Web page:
During his short time on earth, Jesus coined many pithy turns of phrase. They’re exactly the sort of lines you’d want to lift if you were writing a speech. One of the most lift-able, at least for politicians wanting to project a sense of optimism about the future, is this from Matthew 5:14–16: “You are the light of the world. A city set on a hill cannot be hidden. Nor do people light a lamp and put it under a basket, but on a stand, and it gives light to all in the house. In the same way, let your light shine before others, so that they may see your good.”
I remember president Ronald Reagan borrowing this imagery in his farewell address:
I’ve thought a bit of the ‘shining city upon a hill.’ … I’ve spoken of the shining city all my political life. … In my mind it was a tall, proud city built on rocks stronger than oceans, windswept, God-blessed. ... After 200 years, two centuries, she still stands strong and true.
In 1974 he had launched his first (failed) presidential bid with this:
I have always believed that there was some divine plan that placed this great continent between two oceans to be sought out by those who were possessed of an abiding love of freedom and a special kind of courage.
This is politically potent stuff. Trouble is, for those familiar with the original, it sticks in the craw as well as it sticks in the mind: Jesus couldn’t possibly have been talking about America!
Reagan wasn’t the first to lift this line from Jesus, and neither was John F. Kennedy when he told the Massachusetts legislature in 1961 that all branches of government were the city on the hill, “and all eyes will be upon us.” The earliest known application of this metaphor to the U.S. was by the first governor of Massachusetts, John Winthrop, who in 1630 sternly warned his compatriots in Plymouth to be on their best behavior because the world was watching.
The idea that “We the People” are God’s chosen people has been the organizing mythos of American politics from the beginning. But what started as a picture of America as moral example morphed into the idea of America as moral compass. In the 19th century, it was widely held that the nation had a “manifest destiny”—a mandate from on high to sweep over the continent, no matter what or who might get in the way. Slavery? War? Injustice? Native American genocide? All have been carried out as the will of Providence. Today we know a similar (if less pernicious) idea by a different name: American exceptionalism. What was once a call to morality before the eyes of the world has become a license to define morality as coinciding with our national interests.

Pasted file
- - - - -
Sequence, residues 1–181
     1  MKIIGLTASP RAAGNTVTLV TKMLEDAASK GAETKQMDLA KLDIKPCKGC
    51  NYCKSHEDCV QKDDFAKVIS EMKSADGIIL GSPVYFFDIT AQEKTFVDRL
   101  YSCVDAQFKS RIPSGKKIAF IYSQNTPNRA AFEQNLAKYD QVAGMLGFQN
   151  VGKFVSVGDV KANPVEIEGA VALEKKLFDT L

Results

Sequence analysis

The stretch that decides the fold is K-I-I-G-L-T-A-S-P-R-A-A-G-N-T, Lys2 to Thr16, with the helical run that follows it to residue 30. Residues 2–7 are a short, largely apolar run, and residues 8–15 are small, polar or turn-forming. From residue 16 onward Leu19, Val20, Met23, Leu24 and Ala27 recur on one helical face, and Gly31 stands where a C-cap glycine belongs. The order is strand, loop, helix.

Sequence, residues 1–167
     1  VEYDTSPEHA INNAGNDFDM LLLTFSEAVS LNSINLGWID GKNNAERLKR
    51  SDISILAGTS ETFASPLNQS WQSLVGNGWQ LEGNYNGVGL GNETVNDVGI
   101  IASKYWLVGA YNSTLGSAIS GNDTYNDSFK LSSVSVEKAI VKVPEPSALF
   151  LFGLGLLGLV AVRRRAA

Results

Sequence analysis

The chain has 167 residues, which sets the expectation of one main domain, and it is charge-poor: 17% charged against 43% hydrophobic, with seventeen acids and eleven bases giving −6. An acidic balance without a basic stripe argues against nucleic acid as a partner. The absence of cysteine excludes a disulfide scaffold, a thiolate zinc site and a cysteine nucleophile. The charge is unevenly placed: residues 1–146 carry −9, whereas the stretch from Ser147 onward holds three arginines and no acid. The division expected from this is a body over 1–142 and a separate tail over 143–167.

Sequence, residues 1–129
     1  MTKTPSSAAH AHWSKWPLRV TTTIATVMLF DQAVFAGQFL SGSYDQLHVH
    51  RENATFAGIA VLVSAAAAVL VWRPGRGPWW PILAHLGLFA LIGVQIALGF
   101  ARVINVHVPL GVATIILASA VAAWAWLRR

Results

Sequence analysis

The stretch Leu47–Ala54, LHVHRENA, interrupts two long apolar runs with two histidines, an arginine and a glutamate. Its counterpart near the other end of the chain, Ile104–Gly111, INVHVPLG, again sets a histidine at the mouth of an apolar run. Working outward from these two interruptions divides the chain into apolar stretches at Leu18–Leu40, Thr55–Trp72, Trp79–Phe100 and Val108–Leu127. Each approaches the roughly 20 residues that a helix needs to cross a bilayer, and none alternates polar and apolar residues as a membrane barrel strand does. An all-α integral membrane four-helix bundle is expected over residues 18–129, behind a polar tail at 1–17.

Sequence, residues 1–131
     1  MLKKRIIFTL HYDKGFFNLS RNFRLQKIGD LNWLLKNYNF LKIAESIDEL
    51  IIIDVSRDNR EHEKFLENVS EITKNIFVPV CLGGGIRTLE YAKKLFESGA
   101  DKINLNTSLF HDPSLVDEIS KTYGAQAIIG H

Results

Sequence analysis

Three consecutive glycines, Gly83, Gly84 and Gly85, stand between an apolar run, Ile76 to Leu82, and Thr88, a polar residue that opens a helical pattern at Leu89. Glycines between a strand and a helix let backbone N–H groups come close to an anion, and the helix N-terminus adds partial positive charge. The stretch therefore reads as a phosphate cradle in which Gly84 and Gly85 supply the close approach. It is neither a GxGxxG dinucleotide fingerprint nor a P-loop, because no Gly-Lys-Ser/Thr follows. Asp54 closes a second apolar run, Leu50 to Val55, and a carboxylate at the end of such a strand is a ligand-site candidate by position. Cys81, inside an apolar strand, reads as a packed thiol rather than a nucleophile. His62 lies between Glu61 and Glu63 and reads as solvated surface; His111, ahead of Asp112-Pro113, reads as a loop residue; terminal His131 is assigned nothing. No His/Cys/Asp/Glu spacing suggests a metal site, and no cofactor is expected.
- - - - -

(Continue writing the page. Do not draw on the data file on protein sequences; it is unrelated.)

Sadly, this is the exact opposite of what Jesus meant. It’s not hard to figure that out by looking at the context:
When was Jesus speaking?
About 1,750 years before the U.S. was a gleam in George Washington’s eye.
Who was Jesus speaking to?
These verses are part of the Sermon on the Mount, Jesus’ call to renewed holiness in Matthew 5–7. He was speaking to the assembled Israelites outside Jerusalem.
What imagery was Jesus evoking?
The “city on a hill” line must have been especially apropos as Jesus looked out at the people gathered on the hillside. Jesus was also drawing on a rich history of metaphor about the city of Jerusalem (aka Zion; aka God’s holy hill). Jesus was reminding his Jewish audience that God had chosen them to spread his glory throughout the earth. As God told Abraham, “In you all the families of the earth shall be blessed” (Gen 12:3). And Moses, “Out of all nations you will be my treasured possession … a kingdom of priests” (Exod 19:5–6 NIV). And Isaiah, “I will make you as a light for the nations, that my salvation may reach to the end of the earth” (Isa 49:6).
Why did Jesus address these issues?
Jesus wasn’t flattering his audience with inspirational stories of their own potential for greatness. He was offering them a warning. In Matthew 5:13, Jesus says, “You are the salt of the earth, but if salt has lost its taste … it is no longer good for anything.” He also wanted to point them toward worship: “that [others] may see your good works and give glory to your Father who is in heaven” (5:16).
Jesus’ words were meant to inspire good works that would glorify God. Politicians and patriots have since co-opted those words to inspire a sense of achieved (or achievable) glory, granted by God to their audience.
Jesus wasn’t completely apolitical—after all, he sparked a worldwide movement. But Jesus transcends politics. He’s not an earthly candidate seeking approval, but the ruler of the “kingdom of God” whose approval should be sought. We are patriots and citizens of his “better country” (Heb 11:13–16). We shouldn’t flatter ourselves by thinking that any earthly nation, great or terrible, is worthy to compare with God’s kingdom. To lift a line from C. S. Lewis, “we are too easily pleased.”
Unless otherwise noted, Scripture quotations are from the English Standard Version (ESV).